TBE is a viral infection usually transmitted through the bite of an infected tick that exists in parts of central, eastern and northern Europe across Russia to parts of eastern Asia predominantly at altitudes lower than 1,500m
Tick-borne encephalitis (TBE) is a viral infection usually transmitted through the bite of an infected tick. The disease occurs in parts of central, northern and Eastern Europe, Siberia and parts of Asia. Ticks are found on forest fringes within adjacent grassland, forest glades, riverside meadows and marshland, forest plantations with brushwood and shrubbery. Ticks can also be found in parks and gardens.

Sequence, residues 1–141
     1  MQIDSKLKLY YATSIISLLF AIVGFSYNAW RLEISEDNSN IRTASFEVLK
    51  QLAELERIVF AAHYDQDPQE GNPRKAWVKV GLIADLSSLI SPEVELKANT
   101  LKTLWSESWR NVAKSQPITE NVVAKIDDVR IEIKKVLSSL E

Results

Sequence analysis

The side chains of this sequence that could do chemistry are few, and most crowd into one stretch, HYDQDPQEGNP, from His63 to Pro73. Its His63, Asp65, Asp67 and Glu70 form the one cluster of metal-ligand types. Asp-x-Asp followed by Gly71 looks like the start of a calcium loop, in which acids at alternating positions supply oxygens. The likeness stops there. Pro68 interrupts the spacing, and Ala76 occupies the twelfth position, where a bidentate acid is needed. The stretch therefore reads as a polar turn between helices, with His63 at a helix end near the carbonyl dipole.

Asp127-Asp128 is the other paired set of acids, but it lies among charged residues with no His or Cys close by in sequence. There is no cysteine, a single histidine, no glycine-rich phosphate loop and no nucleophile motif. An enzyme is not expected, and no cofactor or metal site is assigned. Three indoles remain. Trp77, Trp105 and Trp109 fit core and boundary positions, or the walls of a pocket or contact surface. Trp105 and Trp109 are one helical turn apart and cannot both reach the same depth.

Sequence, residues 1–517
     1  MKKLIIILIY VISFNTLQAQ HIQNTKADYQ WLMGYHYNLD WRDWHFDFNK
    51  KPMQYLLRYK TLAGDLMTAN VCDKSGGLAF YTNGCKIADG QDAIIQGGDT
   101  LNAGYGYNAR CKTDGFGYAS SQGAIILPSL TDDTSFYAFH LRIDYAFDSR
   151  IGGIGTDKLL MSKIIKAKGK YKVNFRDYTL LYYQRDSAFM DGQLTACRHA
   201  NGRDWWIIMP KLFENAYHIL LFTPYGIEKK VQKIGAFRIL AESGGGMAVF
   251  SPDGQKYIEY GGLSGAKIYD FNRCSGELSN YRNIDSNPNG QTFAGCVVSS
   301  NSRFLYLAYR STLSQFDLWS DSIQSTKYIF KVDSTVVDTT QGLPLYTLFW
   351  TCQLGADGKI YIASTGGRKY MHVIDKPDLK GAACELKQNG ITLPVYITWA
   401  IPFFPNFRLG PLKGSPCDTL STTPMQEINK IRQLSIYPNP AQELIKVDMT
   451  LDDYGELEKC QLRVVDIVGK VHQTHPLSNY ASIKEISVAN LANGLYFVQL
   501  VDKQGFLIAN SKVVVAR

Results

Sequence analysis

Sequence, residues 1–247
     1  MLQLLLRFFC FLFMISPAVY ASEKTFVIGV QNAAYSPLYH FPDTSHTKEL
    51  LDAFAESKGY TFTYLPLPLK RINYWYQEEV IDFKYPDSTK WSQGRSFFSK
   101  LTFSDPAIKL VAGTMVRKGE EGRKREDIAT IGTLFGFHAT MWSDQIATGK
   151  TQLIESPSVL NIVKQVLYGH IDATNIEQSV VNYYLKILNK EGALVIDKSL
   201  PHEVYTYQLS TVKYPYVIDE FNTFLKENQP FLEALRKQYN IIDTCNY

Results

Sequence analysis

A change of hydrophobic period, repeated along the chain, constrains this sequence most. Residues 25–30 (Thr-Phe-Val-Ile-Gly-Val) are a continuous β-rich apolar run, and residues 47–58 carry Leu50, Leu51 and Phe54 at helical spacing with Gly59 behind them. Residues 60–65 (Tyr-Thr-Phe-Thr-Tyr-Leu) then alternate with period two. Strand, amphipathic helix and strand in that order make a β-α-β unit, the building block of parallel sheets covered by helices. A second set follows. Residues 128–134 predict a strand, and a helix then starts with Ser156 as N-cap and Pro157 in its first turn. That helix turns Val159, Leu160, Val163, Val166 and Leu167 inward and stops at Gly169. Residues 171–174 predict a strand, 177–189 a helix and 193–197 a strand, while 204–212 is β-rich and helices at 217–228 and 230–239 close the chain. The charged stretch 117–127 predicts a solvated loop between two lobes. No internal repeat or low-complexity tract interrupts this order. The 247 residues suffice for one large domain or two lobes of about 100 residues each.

Travellers to areas where TBE occurs may be at risk when walking, camping or working in woodland. In Europe, spring and summer are generally higher risk, but seasons vary according to location. Since 2011, six confirmed cases of TBE have been reported in the UK. All had history of travel to the TBE endemic areas of Europe.
Typically, the disease occurs in two stages: a mild flu-like illness and a potentially serious infection of the central nervous system (brain and spinal cord). TBE is rarely fatal in Europe: however in Asia it can be fatal in up to 20 percent of cases. Long-term neurological complications are common.